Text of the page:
Paxton attorneys send cease and desist letter to Texas impeachment prosecutors
Letter alleges 'ex-parte' contacts with witnesses.
Attorneys representing Texas Attorney General Ken Paxton have sent a cease and desist letter to Texas House Republicans and to two Houston attorneys prosecuting Paxton, saying they are not allowed to contact potential witnesses or employees according to state law.
Attorneys Judd Stone and Christopher Hilton from Stone Hilton PLLC sent a cease and desist letter June 8 to House Speaker Dade Phelan, the co-chairs of the Texas House General Investigating Committee, Reps. Andrew Murr and Ann Johnson, and to Houston attorneys Rusty Hardin and Dick DeGuerin.
In response to questions about the letter, DeGuerin told The Center Square in an email, “We are preparing for trial in the Senate, as any lawyers should do.”
Requests for comment from the other recipients of the letter were not immediately returned.
The letter states, “It has come to our attention that you and your agents have been contacting potential witnesses, including employees of the Office of the Attorney General, regarding the House’s meritless impeachment of Attorney General Ken Paxton. Presumably this is an after-the-fact attempt to gather facts to support your sham investigation, which has made a mockery of all Texans who believe in justice and the constitution. But whatever the reason for your refusal to conduct your investigation in public, it must stop.”
Stone and Hilton also argue the House members and prosecuting attorneys “have no authority to request documents, approach witnesses, or do anything else regarding this matter until the Senate establishes the rules for this proceeding,” citing Texas Government Code § 665.024.
They sent the letter after Paxton’s attorneys and others have argued the House impeachment proceedings were a “sham” and didn’t follow due process, the rules of evidence or rules of procedure.
Stone and Hilton said there are only two ways the recipients of the letter can submit a Public Information Act request to obtain information from any public agency or employee. They can do so as ordinary citizens but then would “have no right to obtain confidential or privileged information,” citing Texas Government Code § 552.101. They could do so in a legislative capacity but only for legislative purposes, citing Texas Government Codes § 552.008 and § 552.008(a), and “not for purposes of exercising any judicial power such as impeachment.”
Efforts to have “‘ex parte’ contact with witness are wholly improper,” they continued. “Your clandestine fact-gathering without the opportunity for the Attorney General’s participation means that the Senate’s rules and process are being undermined before they have even been written,” they said.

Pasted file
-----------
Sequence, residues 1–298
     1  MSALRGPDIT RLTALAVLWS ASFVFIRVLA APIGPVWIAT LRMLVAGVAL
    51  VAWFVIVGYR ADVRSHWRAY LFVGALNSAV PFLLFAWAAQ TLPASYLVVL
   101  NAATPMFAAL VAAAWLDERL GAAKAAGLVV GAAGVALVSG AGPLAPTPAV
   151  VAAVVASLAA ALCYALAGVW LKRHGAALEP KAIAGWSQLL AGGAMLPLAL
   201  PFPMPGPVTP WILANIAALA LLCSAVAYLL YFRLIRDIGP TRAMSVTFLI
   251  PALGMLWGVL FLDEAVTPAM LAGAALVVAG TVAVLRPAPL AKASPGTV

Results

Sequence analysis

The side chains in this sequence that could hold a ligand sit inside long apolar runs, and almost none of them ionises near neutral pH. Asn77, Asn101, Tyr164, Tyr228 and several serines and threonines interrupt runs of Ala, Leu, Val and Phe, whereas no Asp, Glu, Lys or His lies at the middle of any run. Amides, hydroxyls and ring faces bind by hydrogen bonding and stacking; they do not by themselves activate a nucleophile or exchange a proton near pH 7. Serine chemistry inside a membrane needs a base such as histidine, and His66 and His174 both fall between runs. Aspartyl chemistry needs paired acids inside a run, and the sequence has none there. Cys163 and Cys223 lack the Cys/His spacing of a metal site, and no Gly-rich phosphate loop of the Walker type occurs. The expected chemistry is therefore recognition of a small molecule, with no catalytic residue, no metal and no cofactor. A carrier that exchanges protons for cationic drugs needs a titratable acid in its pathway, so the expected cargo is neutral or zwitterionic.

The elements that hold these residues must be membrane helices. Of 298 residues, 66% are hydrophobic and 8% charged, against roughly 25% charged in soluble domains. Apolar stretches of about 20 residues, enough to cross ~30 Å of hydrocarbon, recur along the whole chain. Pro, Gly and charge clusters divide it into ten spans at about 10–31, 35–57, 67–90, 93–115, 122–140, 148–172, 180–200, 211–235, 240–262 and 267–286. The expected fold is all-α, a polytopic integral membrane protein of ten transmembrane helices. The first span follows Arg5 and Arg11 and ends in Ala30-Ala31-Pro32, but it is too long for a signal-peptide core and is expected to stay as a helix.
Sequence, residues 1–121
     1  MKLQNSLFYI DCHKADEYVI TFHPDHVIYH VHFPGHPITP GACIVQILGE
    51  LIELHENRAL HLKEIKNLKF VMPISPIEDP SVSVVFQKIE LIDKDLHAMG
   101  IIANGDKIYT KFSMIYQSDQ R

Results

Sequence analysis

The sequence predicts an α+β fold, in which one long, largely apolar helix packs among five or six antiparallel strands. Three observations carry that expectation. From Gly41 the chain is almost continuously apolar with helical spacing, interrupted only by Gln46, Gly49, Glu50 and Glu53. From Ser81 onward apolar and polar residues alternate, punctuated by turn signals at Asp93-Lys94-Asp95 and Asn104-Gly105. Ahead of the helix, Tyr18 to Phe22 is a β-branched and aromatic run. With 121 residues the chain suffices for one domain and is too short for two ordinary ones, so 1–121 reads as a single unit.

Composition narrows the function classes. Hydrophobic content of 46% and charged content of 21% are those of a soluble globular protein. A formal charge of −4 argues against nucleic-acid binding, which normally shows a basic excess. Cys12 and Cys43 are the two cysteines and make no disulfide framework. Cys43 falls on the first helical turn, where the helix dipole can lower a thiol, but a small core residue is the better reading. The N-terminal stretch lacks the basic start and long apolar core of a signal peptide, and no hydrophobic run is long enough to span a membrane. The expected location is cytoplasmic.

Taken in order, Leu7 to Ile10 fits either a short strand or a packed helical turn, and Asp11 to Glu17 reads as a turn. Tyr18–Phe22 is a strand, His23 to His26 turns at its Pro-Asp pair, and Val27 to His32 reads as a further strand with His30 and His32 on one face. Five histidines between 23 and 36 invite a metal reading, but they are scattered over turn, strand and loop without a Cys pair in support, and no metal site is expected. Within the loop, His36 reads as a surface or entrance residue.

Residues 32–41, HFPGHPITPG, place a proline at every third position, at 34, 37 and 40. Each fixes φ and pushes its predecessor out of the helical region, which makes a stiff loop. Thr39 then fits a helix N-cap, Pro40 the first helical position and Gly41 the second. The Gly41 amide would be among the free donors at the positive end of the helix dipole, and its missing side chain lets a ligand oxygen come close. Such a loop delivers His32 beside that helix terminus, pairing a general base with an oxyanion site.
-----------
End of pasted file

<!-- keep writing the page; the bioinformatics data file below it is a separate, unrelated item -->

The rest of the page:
DeGuerin and Hardin have spoken about their beliefs about Paxton’s guilt in a news conference, on a podcast and in media interviews. Murr made the case for impeachment before the House and in an op-ed published by The Houston Chronicle. Murr and the GIC have not responded to repeated requests for comment.
Stone and Hilton argue the House GIC investigation and impeachment plan was “concocted behind closed doors and without any public scrutiny, due process, or presentation of evidence that would in any way detract from [their] Machiavellian political objective.”
They also wrote in the letter, “You have chosen to wield the awesome power of impeachment – and you purport to override the will of the voters – by means of a process that is repugnant to the principles of justice and fairness and that makes an anti-democratic mockery of our State. Even as you hide behind these cowardly tactics, you are repeatedly claiming to the public that you believe in a transparent process that affords the Attorney General an opportunity to defend himself.”
The Texas Senate is expected to announce impeachment trial rules June 20. Lt. Gov. Dan Patrick has said a trial will begin no later than August 28.
Paxton, the third elected official to be impeached by the Texas House in state history, was impeached on May 27 by a vote of 121-23. He and his attorneys argue the investigation and impeachment proceedings are illegal.
The Texas GOP argues the impeachment process was a sham and an attempt to overturn the will of voters who overwhelmingly elected Paxton three times to office.